November 4-9, 2011
As of today, about one fifth of Bangkok is under water.
Of 50 districts in the capital, eight are inundated and four are partly flooded. The remainder are under warning. The total area of the Thonburi side of Bangkok will be covered with water.
The tone of Prime Minister Yingluck Shinawatra has been flip-flopping to create further confusion. Late last month she suggested that the worst would soon be over, with the peak of the sea tides on October 31. The Bangkok Metropolitan Administration (BMA) had also assured us that Bangkok districts would be safe. There had to be dry areas in Bangkok, otherwise the capital would no longer function.
But as the situation was about to improve, there were jolts. The BMA had to seek help from 400 metropolitan police officers to guard Khlong Sam Wa from being harassed by local residents who wanted to open the water gates wider to reduce the flooding in their community. Yingluck signed an order on October 31 that technically chained Bangkok Governor Sukhumbhand Paribatra to the ground. The BMA was ordered to open the sluice gate to let water flow into the capital. This would presumably help relieve the trauma of the residents around Khlong Sam Wa in northeastern Bangkok. Khlong Saen Saeb, which runs through the heart of Bangkok to the Chao Phraya River in the west and Khlong Phrakhanong to the south, would have to take in more water from this critical decision. There would be risk of spillover floods from Khlong Saen Saeb.
Bangkok has had ample time to prepare for the floods. The public have been informed all along that the government would be trying to save the capital by trying to divert water to the eastern and western parts of the city to save inner Bangkok. As of now, the water can't be channelled to the eastern side, which is located on higher ground. The excuse is that there is not enough equipment or water pumps to handle the task. Therefore, the authorities will have to rely on Khlong Sam Wa to channel the water down into the capital, which will have to take in its share of the floods.
Almost all of a sudden, Bangchan Industrial Estate, Lad Krabang Industrial Estate and Suvarnabhumi International Airport - in this strict order - have come under threat of flooding. Water has begun to seep into Bangchan from underground pipes and the sewage system. Don Muang Airport has already been lost to the floods. If Suvarnabhumi Airport were to be shut down, Thailand would be in complete ruin.
Late on Wednesday evening, vandals destroyed 17 points in the dykes protecting the water works canal, the source of tapped water that almost 10 million Bangkokians rely on for drinking and other consumption. This was bordering on espionage. If the authorities fail to protect the water works canal, the capital will be doomed. Already, the Metropolitan Water Works Authority has been forced to cut back its tapped water production by 10 per cent, from 4.7 to 4.2 million cubic metres a day.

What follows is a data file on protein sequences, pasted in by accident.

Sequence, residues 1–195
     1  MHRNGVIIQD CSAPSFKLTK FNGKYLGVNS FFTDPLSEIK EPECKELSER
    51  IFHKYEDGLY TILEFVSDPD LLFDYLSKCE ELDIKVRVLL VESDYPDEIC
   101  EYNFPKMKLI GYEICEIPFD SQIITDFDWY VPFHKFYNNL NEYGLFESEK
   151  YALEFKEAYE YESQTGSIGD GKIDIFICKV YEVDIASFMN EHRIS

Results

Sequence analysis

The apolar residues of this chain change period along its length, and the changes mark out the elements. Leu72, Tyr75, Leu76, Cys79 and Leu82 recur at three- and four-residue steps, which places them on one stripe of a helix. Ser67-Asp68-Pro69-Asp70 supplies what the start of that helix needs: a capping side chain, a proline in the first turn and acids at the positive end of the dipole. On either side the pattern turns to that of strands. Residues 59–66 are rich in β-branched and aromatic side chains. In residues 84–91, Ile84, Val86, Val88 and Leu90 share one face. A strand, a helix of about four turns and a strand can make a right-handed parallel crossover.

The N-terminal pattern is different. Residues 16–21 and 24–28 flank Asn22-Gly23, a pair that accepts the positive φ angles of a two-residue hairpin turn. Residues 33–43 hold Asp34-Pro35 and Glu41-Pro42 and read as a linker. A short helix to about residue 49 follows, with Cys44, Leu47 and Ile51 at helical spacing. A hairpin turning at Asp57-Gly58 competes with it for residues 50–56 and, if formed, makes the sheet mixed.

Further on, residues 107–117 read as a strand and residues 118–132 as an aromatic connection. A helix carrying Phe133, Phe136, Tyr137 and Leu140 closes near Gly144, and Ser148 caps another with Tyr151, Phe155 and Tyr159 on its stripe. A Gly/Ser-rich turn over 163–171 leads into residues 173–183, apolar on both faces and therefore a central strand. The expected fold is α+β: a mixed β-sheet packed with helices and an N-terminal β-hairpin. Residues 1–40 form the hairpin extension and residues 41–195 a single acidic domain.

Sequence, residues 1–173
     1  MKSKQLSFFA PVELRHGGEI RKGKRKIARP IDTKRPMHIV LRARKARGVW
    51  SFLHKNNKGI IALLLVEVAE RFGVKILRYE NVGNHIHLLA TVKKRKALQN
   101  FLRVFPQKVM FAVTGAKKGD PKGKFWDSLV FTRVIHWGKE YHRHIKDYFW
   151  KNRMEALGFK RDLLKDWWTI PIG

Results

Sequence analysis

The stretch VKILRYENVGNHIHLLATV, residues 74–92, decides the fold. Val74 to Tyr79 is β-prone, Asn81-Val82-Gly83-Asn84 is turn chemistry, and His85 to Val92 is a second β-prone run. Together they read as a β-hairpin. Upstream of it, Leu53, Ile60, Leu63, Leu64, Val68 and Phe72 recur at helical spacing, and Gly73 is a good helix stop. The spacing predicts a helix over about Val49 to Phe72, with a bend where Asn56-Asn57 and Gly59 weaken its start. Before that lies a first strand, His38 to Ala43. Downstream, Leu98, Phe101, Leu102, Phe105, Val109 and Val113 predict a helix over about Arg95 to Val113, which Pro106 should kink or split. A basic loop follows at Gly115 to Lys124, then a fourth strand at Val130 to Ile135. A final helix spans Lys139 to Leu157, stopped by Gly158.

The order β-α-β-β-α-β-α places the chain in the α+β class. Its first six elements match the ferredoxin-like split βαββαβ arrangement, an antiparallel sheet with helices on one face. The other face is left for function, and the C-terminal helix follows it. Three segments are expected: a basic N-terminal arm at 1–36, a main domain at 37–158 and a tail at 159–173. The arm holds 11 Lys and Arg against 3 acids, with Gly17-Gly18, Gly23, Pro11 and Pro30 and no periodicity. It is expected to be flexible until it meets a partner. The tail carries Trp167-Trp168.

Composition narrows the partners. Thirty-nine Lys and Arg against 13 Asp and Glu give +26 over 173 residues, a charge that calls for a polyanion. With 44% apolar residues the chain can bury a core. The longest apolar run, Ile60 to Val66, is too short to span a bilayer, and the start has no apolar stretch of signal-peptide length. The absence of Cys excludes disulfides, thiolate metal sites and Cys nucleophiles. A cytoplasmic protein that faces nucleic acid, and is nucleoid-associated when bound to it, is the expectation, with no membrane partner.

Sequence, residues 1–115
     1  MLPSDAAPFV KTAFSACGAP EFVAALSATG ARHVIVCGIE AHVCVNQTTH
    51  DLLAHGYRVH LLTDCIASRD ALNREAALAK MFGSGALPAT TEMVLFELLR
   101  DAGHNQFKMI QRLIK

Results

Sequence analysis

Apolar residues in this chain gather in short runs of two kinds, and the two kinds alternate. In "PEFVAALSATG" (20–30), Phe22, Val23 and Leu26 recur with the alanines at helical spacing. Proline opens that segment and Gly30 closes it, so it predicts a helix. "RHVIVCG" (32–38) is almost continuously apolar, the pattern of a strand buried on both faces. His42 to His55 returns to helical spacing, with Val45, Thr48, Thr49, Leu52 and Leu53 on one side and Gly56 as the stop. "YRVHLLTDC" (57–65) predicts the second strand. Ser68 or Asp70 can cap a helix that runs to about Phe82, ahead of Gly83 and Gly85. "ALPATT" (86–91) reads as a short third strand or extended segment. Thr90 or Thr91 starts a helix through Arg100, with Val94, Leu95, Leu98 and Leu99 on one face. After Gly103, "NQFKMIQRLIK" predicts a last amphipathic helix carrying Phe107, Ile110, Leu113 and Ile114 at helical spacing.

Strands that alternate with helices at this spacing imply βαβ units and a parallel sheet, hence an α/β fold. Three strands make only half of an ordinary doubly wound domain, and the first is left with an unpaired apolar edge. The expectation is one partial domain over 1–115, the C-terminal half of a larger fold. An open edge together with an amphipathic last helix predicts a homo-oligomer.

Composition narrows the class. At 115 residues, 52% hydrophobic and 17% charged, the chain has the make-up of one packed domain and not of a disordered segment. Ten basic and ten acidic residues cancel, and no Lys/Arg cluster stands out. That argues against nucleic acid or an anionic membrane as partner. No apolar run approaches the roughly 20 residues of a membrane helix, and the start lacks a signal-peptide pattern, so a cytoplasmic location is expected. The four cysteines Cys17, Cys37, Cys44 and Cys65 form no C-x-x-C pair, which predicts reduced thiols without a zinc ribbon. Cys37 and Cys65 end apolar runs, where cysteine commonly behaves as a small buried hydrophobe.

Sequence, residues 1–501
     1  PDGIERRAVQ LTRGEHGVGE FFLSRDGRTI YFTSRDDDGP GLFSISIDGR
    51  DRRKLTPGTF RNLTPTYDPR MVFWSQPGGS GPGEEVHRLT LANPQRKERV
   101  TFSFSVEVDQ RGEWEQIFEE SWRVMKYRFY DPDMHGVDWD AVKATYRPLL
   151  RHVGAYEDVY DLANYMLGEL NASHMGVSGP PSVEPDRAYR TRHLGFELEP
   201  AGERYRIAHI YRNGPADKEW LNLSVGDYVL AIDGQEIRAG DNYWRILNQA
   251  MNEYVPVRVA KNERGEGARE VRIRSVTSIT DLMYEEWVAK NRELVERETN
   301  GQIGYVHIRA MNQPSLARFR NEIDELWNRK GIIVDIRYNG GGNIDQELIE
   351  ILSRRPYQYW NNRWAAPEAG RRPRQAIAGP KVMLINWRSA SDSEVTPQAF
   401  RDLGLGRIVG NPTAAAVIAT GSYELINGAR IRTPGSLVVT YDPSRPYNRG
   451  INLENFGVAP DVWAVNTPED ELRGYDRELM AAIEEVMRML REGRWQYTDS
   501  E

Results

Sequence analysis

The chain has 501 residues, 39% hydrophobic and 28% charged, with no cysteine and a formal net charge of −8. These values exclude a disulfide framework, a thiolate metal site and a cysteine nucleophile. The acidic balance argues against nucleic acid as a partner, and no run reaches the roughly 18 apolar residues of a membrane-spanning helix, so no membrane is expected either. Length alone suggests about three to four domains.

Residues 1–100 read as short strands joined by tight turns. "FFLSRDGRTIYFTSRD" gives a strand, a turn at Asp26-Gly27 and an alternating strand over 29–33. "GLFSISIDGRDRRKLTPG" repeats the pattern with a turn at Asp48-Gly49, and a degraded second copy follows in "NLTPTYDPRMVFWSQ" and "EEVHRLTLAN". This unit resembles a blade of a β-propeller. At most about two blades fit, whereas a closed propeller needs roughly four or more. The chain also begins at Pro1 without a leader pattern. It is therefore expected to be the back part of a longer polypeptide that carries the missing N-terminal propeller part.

Adding to the panic in the capital was a news story that 15 venomous African mamba snakes had reportedly escaped from a flooded building in Nonthaburi. Veterinarians are hunting them down. Vaccines from Japan have to be imported in case anyone is bitten by one of these snakes. Whether this story is true or not remains to be seen. But it has increased panic among Bangkokians on top of the thousands of crocodiles which have been let loose from farms due to the floods in the lower northern and central regions.
According to Dr Anon Snitwongse, a water expert from Chulalongkorn University, some 10 billion cubic metres of water still stretches from Sukhothai to lower Bangkok. Of this, seven billion cubic metres is concentrated in the east, with the remaining three billion in the west. Bangkok is under threat of flooding from some 3-4 billion cubic metres of water, which has to go south into the canals, rivers and eventually to the sea.
The flood disaster could have been prevented if the water had been released in time from dams in the North. There could be worms in the Irrigation Department. The water was blocked from being diverted to the Tha Chin River in the west. As a result, the Chao Phraya River was the only main course that the water could flow down. The water was also prevented from flowing to Prachin Buri in the east, leaving it to flow and hang on in the central region and now Bangkok. The water could not be diverted to Min Buri either.
Mismanagement on this scale cannot be coincidental. Every step of the way, the government fumbles and the situation gets worse. There are hopes only to be followed by despair. The stress and trauma of people living in flooded Nonthaburi and Pathum Thani have worsened. Bangkokians are living by the day, as if they are waiting for Judgement Day.
As districts fall one by one to the floods, the authorities will cut off the water supply and electricity. At one point, we might see a rush out of Bangkok, similar to previous weeks when Bangkokians travelled down south and east to Chon Buri and Pattaya. Many have now returned to Bangkok since the public holiday is not extended.
The mismanagement of this whole affair appears to follow a scenario of total disaster. Once the capital runs out of food, drinking water, electricity and the possible breakdown of communications, we can kiss Bangkok goodbye. By that time, we will forever lose our capital.
PS: Will this be our last meal and my last massage?
I am going to fight this flood with my own two hands!
And I thought Harold Camping was totally weird.
PS: Parental cartoon.
PPS: A more scary parental cartoon.
PPPS: A realistic cartoon.
Our building is hoping for the best but preparing for the worst.
Jesus and the Devil.
More evidence that inner city Bangkokians treat this flood threat seriously. "The raw oysters are flown in from where?" "Are these lobsters from Maine?" "And, the caviar?" "The wine is from Montrachet, isn't it?"
Next: Part III